Rod Scott, University of Bath. Scott had a long history of sexual harassment of students at Bath. Scott took his own life in December 2018, while being investigated for this behavior.

Stephanie Diezmann, formerly University of Bath, now University of Bristol. Diezmann bullied multiple students although she was let off the hook after an investigation by Bath.

Luiz Loures, formerly of UNAIDS. Loures allegedly sexually assaulted his colleague Martina Brostrom during a meeting in Thailand. An internal investigation let him off the hook, but an external investigation found that senior UNAIDS leaders created a culture of harassment and abuse of power at the agency.

Jean-Jacques Hublin, Max Planck Institute for Evolutionary Anthropology, Leipzig. Hublin was accused by a student he had an affair with of sexual misconduct and misleading her about his marital status. Other former students have accused him of harassment, and he also allegedly fired a postdoc in his lab when he began dating Hublin's secretary (of whom he was reportedly very fond.) More recently, Tanya Smith, a highly respected biological anthropologist now at the University of Griffith in Australia, has published her story about how Hublin tried to wreck her career over many years because she did not toe the line about his insistence that no one could ever be independent of him. 

David Yesner, University of Alaska, Anchorage. (I did not break the initial story on this case, but followed it for months and I am doing followup. Yesner became a major flash point when he showed up unexpected at the SAA meetings in Albuquerque.)

Fethi Ahmed, University of the Witwatersrand. Ahmed was dismissed as head of the Wits School of Geography, Archaeology, and Environmental Sciences after being found guilty of gender-based bullying of seven complainants. His dismissal was upheld on appeal.

Deanna Grimstead, Ohio State University. Found guilty by an OSU investigation of sexual harassment of a student in 2015, no apparent action taken, still employed and teaching. Found guilty again last year, in a second Title IX investigation. OSU currently considering what action to take.

Randall White, New York University. Suspended from NYU for a year in the 1990s for a long history of sexual harassment, the whole episode covered up by the university, but not forgotten by those who suffered. I have called upon White to come clean about what he did and the effect it had on young researchers as he retires in August.

Kevin Folta, University of Florida horticulture department, and leading biotech advocate. Although Folta is best known for extensive conflicts of interest in his self-proclaimed role as a "science communicator," there are also multiple witnesses to his having abused his ex-wife while they were married. He was forced to step down as chair of the department in the wake of those revelations.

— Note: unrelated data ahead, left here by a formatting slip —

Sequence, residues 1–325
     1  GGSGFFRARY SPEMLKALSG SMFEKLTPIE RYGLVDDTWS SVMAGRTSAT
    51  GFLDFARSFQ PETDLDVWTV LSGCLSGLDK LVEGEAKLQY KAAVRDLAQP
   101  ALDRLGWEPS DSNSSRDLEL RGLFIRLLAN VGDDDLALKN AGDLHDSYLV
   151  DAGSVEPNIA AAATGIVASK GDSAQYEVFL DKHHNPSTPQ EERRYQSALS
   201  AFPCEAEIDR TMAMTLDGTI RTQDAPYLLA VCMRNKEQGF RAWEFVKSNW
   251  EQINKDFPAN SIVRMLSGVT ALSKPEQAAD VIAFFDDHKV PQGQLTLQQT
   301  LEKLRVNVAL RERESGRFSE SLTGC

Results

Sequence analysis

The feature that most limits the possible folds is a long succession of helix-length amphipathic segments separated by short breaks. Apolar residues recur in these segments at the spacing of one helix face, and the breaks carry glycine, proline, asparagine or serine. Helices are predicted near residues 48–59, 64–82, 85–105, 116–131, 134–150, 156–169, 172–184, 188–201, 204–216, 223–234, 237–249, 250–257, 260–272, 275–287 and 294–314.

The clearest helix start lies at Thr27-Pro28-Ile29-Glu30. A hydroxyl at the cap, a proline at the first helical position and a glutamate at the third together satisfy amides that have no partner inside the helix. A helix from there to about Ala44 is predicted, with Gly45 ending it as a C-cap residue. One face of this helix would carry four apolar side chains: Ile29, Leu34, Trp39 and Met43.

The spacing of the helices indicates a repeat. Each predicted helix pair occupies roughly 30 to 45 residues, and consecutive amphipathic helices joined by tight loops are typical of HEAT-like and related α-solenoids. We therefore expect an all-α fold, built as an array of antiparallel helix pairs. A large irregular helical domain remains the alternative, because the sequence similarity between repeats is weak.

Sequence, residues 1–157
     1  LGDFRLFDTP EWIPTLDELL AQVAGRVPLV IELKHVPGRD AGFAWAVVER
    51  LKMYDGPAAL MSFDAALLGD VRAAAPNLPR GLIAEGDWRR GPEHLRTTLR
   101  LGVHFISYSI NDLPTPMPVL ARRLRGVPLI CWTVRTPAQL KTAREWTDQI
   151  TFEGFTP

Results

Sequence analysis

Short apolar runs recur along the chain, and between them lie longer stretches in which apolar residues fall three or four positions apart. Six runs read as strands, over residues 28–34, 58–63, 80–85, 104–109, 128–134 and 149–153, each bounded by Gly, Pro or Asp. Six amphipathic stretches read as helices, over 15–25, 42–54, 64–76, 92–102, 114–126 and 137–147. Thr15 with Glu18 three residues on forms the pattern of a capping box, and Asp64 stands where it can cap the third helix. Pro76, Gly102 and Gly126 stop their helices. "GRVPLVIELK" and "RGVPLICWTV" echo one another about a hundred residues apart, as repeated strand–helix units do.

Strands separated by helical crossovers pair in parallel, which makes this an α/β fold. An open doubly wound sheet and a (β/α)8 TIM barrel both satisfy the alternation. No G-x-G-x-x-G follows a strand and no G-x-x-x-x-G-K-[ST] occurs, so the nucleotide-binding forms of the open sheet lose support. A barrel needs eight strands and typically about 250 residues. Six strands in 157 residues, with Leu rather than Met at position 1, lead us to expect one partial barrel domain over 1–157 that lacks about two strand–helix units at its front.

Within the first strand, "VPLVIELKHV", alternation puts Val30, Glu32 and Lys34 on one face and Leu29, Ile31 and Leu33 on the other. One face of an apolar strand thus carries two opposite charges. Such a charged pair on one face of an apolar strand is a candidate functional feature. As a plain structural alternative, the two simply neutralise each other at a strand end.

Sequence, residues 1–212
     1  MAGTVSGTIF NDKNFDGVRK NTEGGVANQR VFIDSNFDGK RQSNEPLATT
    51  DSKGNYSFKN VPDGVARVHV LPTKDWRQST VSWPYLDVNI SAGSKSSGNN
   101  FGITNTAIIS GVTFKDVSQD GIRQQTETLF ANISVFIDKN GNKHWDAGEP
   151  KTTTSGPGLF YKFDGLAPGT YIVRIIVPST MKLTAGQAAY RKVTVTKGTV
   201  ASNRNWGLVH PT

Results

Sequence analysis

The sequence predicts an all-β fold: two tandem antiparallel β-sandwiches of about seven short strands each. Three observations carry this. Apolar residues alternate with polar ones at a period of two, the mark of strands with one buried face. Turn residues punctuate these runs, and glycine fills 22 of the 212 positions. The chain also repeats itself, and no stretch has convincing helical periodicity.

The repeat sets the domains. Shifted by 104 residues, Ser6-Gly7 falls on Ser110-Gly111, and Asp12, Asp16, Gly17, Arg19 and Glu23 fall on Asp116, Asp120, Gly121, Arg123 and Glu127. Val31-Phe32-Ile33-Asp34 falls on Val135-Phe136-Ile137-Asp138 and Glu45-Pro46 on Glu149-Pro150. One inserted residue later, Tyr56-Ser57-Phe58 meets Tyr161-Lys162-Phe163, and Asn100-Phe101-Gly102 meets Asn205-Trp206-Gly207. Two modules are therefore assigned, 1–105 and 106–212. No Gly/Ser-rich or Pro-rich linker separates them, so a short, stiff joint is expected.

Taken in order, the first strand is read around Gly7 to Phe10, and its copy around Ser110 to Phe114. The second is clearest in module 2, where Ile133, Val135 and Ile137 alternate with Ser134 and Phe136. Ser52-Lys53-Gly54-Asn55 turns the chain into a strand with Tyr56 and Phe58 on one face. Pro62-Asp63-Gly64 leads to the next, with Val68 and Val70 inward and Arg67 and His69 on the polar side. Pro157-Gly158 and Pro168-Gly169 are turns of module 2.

Michael Westaway, University of Queensland in Australia. Bullying, harassment, unethical conduct, more details to come.

Alan Cooper, ancient DNA, University of Adelaide. Bullying, harassment, unethical behavior. The university launched a "culture check" as a result of publicity about the case and victims coming forward; that inquiry has now led to Cooper's suspension as director of the lab pending disciplinary action. 

Charles Esdaile, University of Liverpool, Department of History. Sexual predation. Details to come.

James Doughty, University of Bath. A good friend and enabler of the late U of Bath researcher and sexual predator Rod Scott (see above.) Harassment and sleeping with students.

Faye McCallum, Head of School of Education, University of Adelaide. Multiple complaints of bullying of colleagues, harassment, favoritism, preferential treatment, and other abusive and unprofessional behavior. A university inquiry ("culture check") heard the evidence but university officials have done nothing so far. More to come.

Sharon Gursky, anthropology, Texas AM. Bullying, unethical behavior including stealing student research ideas.

Bruce Dickson, anthropology, Texas AM, emeritus. Sexual harassment.

Wayne Smith, anthropology, Texas AM, nautical archaeology. Sexual harassment.

Darryl de Ruiter, department chair, anthropology, TAMU. Sexual harassment and bullying, Title IX.

Michael Alvardanthropology, Texas AM. Ethical issues with requiring students to participate in a study involuntarily, bullying and threatening students who expressed concerns about it.

Richard Martin, cultural anthropologist, University of Queensland. Long history of sexual harassment, of which the university is well aware. More to come.

Danielle Kurin and Enmanuel Gomez Choque, University of California, Santa Barbara. Him: Allegations of sexual assault. Her: Retaliation against complainants. Multiple Title IX cases. Details to come.